tail selected), and then it goes on with 607
for example, written by program
later on. But when you look at the byte positions, and the
line numbers calculated from that, you can see something
Writing a line to the logfile, count = 602 (calc'd: 602), position = 49966 Writing a line to the logfile, count = 603 (calc'd: 603), position = 50049 Writing a line to the logfile, count = 604 (calc'd: 604), position = 50132 Writing a line to the logfile, count = 607 (calc'd: 607), position = 50381 Writing a line to the logfile, count = 608 (calc'd: 608), position = 50464 Writing a line to the logfile, count = 609 (calc'd: 609), position = 50547
The numbers mean that
loglines continues to write
where it used to do, despite of the cat (or cat-like write
operation) having made the file smaller!
So the log file consists of lines 205 – 604, then has a
gap that is physically there but isn’t shown when you
read the file (e.g. with
wc), after which follow the lines starting
from number 607.
stat show that the file size
is unaffected although the contents are smaller. This is
undesirable behaviour, creating such a file with a hole
doesn’t make sense, although this is possible and
intended behaviour in Unix file systems. I became aware of
that already sometime during my first Unix period, 1985 –
wrimod with its
-p option, it opens the file in read-write mode.
This results in the hole being filled up with the old contents.
Lines 205 – 604, then 405 to six hundred something.
cat was not the way and I came up with this
instead, in root’s crontab:
15 3,15 * * * cd /usr/local/www/apache24/logs; apachectl stop; tail -n 5000 access_log > a; mv a access_log; apachectl start
So I properly stopped web server Apache, did my log file manipulations, and then restarted Apache. Much more comme il faut and reliable. So far so good.
After another night’s sleep however, I realised that
it cannot possibly be true that Apache opens the log file
in write mode (with
because that would truncate the file every time Apache
(A truncate reduces file length to
zero bytes, but does not assign a new
number and it keeps the birth date the same.)
Instead, Apache logically could only open the log file with
"a", i.e., in append mode. And, quoting the
fopen(3) man page and as verified by my testing,
“[s]ubsequent writes to the
file will always end up at the then current end of file,
irrespective of any intervening fseek(3) or
That means that in practice, the problem with the hole in the file, as described in the previous chapter, does not occur now. That explains why on former web server VPSes, I never noticed a physically ever growing log file that content-wise remained at a reasonable number of lines. Its physical size, in bytes or blocks, was also always reasonable.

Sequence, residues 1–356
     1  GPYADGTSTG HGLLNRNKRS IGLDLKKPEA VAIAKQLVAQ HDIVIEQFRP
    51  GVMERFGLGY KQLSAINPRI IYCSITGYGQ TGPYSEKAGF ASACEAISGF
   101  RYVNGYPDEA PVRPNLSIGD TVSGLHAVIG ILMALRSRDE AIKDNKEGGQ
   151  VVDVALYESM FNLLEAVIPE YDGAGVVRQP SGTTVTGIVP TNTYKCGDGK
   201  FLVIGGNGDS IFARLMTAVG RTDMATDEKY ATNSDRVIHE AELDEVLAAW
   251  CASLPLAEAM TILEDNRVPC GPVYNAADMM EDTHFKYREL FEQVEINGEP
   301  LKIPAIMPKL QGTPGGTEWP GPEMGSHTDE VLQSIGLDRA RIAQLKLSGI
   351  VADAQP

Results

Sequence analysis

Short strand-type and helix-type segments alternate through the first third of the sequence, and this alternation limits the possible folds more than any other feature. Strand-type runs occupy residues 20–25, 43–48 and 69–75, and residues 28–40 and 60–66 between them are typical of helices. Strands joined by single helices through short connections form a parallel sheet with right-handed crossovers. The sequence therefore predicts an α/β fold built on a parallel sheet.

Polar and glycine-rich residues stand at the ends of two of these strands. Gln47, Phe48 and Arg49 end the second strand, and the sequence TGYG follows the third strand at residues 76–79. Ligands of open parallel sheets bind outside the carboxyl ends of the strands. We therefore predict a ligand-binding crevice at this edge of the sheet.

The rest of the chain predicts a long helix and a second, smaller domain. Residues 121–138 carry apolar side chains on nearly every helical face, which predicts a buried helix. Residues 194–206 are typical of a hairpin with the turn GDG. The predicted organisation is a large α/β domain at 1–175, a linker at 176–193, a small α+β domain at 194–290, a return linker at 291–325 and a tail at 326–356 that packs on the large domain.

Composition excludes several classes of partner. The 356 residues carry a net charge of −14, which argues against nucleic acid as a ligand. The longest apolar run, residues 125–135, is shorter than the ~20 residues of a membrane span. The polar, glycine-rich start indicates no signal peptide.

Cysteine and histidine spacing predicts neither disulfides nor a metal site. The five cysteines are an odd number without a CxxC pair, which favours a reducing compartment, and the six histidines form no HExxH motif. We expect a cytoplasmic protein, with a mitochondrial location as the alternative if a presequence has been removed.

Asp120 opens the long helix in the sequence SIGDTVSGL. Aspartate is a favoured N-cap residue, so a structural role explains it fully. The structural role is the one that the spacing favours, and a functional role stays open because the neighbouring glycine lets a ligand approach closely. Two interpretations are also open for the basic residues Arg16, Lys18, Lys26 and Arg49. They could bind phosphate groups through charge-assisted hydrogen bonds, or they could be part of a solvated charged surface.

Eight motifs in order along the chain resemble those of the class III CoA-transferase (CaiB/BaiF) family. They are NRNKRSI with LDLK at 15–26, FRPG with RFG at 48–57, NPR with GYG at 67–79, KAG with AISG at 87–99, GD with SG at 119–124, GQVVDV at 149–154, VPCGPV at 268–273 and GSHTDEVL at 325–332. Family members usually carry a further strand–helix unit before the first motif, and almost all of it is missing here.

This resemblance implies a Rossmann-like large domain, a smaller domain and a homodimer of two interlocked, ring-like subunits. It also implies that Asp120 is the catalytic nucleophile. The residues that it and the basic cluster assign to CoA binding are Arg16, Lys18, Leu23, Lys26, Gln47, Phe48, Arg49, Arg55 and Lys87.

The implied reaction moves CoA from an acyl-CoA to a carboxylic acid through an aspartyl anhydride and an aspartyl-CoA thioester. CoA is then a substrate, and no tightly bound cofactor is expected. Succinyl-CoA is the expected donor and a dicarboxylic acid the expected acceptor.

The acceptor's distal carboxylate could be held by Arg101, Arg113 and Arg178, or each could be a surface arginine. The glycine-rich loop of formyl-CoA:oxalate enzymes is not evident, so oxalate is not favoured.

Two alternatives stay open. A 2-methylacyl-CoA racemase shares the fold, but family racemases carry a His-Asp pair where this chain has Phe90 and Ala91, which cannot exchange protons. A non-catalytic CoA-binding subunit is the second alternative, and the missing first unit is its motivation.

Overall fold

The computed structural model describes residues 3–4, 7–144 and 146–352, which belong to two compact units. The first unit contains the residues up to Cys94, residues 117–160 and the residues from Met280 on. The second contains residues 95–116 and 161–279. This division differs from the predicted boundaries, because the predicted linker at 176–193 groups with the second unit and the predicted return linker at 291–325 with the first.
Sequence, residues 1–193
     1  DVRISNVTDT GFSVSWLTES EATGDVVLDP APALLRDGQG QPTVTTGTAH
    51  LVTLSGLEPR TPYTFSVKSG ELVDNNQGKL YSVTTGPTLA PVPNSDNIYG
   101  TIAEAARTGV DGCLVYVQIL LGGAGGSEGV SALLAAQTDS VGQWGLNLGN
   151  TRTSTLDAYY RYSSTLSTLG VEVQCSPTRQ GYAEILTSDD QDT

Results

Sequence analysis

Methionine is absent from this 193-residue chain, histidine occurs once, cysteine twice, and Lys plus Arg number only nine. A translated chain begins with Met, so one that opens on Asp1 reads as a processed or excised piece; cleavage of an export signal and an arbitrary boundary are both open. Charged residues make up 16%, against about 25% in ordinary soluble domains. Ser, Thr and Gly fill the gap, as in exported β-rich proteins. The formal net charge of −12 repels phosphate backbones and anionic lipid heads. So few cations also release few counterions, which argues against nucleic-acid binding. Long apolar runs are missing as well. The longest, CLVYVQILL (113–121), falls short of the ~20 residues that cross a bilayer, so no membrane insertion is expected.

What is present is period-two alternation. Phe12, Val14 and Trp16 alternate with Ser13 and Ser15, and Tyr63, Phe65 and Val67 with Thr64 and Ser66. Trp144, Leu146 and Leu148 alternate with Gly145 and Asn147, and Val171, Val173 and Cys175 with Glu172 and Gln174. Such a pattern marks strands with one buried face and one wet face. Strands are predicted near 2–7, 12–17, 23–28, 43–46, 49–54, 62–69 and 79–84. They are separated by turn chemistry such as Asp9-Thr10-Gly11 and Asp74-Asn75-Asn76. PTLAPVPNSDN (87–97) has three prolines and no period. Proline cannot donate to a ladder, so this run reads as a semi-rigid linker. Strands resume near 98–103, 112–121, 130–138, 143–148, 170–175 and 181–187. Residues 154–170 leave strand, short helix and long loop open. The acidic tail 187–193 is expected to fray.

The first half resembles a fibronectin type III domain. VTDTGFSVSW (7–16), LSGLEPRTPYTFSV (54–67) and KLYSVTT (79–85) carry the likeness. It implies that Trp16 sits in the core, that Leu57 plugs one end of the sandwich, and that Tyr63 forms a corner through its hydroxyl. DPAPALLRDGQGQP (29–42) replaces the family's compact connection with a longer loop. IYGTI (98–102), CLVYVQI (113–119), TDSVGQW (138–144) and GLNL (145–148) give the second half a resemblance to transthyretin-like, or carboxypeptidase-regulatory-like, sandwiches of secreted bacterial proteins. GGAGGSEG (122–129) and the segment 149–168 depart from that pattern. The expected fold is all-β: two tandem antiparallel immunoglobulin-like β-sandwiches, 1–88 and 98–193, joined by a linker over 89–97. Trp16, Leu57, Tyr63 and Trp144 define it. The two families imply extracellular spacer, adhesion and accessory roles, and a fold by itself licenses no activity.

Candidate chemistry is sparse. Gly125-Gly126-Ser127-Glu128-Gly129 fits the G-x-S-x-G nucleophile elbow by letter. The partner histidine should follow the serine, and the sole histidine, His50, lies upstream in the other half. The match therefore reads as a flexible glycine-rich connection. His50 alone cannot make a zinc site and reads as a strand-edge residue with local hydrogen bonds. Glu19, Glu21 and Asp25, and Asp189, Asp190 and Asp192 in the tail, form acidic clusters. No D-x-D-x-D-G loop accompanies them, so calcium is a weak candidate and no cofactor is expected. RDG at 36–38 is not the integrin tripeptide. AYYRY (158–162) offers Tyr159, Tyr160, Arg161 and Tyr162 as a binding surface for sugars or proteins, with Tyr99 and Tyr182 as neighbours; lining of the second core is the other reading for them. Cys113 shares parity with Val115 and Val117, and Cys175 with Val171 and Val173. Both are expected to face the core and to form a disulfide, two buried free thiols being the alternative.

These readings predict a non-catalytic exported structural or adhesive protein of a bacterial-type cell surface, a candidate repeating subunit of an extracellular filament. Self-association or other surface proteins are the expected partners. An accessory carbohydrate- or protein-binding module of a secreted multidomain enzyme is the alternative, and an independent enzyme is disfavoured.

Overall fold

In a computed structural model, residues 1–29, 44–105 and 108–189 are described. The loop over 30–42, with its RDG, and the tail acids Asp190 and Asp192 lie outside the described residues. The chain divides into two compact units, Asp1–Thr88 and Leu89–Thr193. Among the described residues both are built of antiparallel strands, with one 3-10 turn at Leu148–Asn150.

Sample test output from
loglines having opened
the file in append mode, again in combination with
Writing a line to the logfile, count = 607 (calc'd: 607), position = 50381 Writing a line to the logfile, count = 608 (calc'd: 608), position = 50464 Writing a line to the logfile, count = 609 (calc'd: 609), position = 50547 Writing a line to the logfile, count = 612 (calc'd: 612), position = 50796 Writing a line to the logfile, count = 613 (calc'd: 401), position = 33283 Writing a line to the logfile, count = 614 (calc'd: 402), position = 33366 Writing a line to the logfile, count = 615 (calc'd: 403), position = 33449 Writing a line to the logfile, count = 616 (calc'd: 404), position = 33532
Note the abrupt change in the byte position (append mode adapting to the current end-of-file position) and as a result, in the calculated line number as opposed to the counted line number.
When testing, I usually start
"./" is because the current directory is usually not in the PATH and I keep the executable in the same directory as the source, doing the complication simply as
cc loglines.c -o loglines. (Although of course
employing a makefile is much better.)
& is used to put the program
in the background.
(To end it prematurely I often use the
loglines run for some time, I start
./wrilog -w (for example, other mode options
Before and after doing its thing, and once again afterwards,
wrimod lists the files. I could have used
ls -li for that, which lists size and inode
of the files, but instead I used
can also show the access, modification, change and birth
I don’t know if other Unixes than FreeBSD, such as
various Linux flavours, also have
if so, if the details are the same. You may wish to create
your own modified testing code if they have not.
The file attribute ‘birth date’ I’m sure is specific to FreeBSD, or rather, to the type of file system that this OS comes with by default. For me, this feature is the prime reason to prefer FreeBSD over Linux: with it, I can sort sitemap.xml by modified date, so its order reflects even minor changes like typo corrections or short later additions to articles, while my RSS feeds are sorted by birth date, so only articles that were really freshly written are on top.
Update 9 January 2022: no longer.
A quote from the FreeBSD 10.0 man page to
True if the current file is sparse, i.e. has fewer blocks allocated than expected based on its size in bytes. This might also match files that have been compressed by the filesystem.”
So what I called a “file with holes” here, is in fact a “sparse file” in technical Unix terms. Now that I see this word again, I vaguely remember having seen it before, in the late nineteen eighties.
Copyright © 2014 by R. Harmsen, all rights reserved.